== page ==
Saudi Aramco’s stop-start initial public offering was delayed again just days before a planned launch as doubts re-emerged about the $2 trillion valuation placed on the state oil giant by Crown Prince Mohammed bin Salman.
The postponement, by at least a few weeks, will allow the array of Wall Street bankers advising Aramco to incorporate third-quarter results into their pre-IPO assessments of the company, according to people briefed on the situation. The banks are still struggling to meet the valuation the company is seeking, according to one of the people, who asked not to be named discussing private deliberations.
Aramco, which pumps about 10 per cent of the world’s crude oil, said in a statement that the timing of the IPO will depend on market conditions and that it continues to engage with shareholders on activities related to the listing.
The sudden delay disrupts the carefully choreographed plan to launch the share sale on Oct. 20, followed a week later by intense promotion during the country’s big investment forum — dubbed Davos in the Desert — and ending with an IPO in late November. Now, a listing is unlikely before December or perhaps January.
Last year, Aramco delayed the IPO after more than two years of preparations as international investors balked at the crown prince’s $2 trillion valuation.
This time Saudi Arabia opted for an easier route, deciding to start with a local listing only in Riyadh — ditching plans for a sale in London or New York — and enlisting local banks and wealthy families to support the IPO.
The Saudi government had seemed determined to press on with an accelerated schedule even in the face of potential headwinds: weak oil prices, a slowing world economy and last month’s attack on the company’s biggest processing plant.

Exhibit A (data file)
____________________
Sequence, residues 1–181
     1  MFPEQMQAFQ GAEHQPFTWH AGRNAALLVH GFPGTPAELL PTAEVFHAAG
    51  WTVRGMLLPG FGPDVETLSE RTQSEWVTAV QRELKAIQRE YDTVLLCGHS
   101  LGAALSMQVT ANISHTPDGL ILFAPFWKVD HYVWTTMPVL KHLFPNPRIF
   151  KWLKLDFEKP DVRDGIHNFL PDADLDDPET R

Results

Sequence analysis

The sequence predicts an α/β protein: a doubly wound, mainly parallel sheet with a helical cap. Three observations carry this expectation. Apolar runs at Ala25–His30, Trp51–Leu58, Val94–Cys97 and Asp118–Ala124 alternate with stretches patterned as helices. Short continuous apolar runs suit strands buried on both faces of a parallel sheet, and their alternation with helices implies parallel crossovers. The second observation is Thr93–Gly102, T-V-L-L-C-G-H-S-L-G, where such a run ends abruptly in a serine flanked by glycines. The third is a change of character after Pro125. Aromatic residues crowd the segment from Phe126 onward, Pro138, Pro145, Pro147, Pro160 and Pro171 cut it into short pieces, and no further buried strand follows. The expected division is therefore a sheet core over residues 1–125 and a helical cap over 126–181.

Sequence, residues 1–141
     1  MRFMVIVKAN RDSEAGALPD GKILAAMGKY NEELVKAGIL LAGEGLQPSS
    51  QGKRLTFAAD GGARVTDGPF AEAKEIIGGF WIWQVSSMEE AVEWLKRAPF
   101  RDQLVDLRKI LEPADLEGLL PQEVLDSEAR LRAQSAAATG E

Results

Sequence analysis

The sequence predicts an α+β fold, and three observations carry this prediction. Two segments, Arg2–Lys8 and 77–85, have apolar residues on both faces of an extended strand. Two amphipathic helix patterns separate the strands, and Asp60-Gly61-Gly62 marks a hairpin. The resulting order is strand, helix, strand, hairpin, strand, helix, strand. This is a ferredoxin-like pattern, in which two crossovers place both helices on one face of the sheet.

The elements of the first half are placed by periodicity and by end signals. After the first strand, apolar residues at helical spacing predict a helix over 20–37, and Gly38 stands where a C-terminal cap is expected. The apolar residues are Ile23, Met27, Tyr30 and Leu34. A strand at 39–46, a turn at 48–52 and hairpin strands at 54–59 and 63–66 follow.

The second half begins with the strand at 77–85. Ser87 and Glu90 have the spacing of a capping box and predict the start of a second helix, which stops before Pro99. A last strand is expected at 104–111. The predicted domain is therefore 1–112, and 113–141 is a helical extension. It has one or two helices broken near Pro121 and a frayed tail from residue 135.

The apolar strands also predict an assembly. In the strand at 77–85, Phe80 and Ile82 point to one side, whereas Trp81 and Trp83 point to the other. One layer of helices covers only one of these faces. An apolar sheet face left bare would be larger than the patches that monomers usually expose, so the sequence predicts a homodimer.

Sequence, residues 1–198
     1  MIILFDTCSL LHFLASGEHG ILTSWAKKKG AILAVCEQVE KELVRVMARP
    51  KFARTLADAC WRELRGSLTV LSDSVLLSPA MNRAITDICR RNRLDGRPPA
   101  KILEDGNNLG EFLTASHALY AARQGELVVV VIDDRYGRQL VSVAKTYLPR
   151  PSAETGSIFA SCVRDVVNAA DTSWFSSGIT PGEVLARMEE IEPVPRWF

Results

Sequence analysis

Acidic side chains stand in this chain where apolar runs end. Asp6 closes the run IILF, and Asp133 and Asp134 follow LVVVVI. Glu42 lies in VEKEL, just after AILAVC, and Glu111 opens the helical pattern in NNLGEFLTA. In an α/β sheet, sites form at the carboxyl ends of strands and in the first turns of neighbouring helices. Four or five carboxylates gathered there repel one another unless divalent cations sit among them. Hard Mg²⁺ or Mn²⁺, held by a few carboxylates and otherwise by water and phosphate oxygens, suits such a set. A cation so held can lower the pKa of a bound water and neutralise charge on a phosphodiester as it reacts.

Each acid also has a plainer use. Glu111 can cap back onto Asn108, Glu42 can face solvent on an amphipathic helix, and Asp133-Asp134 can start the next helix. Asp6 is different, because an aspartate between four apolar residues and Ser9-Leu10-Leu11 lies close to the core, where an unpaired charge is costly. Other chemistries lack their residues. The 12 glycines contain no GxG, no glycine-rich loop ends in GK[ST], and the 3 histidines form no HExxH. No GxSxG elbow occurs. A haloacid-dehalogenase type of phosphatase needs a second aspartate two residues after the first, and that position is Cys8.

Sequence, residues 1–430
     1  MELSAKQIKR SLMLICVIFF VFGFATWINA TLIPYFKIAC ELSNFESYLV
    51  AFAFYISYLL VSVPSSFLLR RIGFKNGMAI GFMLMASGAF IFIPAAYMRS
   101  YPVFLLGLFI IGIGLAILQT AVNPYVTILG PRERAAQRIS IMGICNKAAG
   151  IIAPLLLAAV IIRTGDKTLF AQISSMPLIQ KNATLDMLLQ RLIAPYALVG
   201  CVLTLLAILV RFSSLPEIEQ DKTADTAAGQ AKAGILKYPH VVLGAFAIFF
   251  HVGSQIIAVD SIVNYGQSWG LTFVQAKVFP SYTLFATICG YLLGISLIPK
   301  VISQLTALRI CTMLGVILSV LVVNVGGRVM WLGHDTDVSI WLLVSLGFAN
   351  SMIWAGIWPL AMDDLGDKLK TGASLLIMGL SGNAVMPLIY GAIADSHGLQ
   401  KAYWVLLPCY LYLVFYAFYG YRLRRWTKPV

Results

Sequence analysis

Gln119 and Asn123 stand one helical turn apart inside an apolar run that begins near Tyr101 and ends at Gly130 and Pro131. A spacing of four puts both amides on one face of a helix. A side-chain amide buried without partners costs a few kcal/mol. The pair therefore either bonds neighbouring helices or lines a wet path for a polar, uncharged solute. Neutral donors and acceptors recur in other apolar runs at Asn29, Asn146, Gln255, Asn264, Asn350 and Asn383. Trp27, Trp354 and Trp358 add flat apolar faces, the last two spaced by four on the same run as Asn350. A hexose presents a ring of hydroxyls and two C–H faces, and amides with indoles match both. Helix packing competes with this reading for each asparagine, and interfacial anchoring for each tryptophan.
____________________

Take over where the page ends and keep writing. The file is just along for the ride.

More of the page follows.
While details of the proposed offer haven’t been made public, people involved in the transaction said earlier this month that about 2 per cent of Aramco might be sold, raising $40bn and easily exceeding the $25bn raised in 2014 by Chinese e-commerce giant Alibaba Group Holding Ltd.
Ever since the Crown Prince first mooted the the IPO of the kingdom’s most prized assets in early 2016, Aramco’s valuation has been contentious. Many analysts have said that $2 trillion is too much compared with similar publicly traded companies.
Aramco may well be the world’s most valuable company, but based on the dividend yield received by investors in Exxon Mobil Corp., the largest U.S. oil company, its valuation would be closer to $1.5 trillion.
The Sept. 14 attack on its oil facilities disrupted output and sent shock waves through energy markets, triggering the biggest one-day jump in Brent crude prices on record and stoking security concerns. Investors are already demanding a premium to hold the country’s debt, downgraded this month by Fitch Ratings Ltd.
While advisers had been working on announcing an intention to float for Oct. 20, executives hadn’t given a firm timeline in public. Aramco CEO Amin Nasser said last month that the IPO would happen “very soon.”
The IPO promises to be a fees bonanza for the more than two dozen advisers working on the share sale, with Aramco set to pay them $350m to $450m, people familiar with the matter said Wednesday.
The delay to the IPO’s launch was reported by the Financial Times earlier.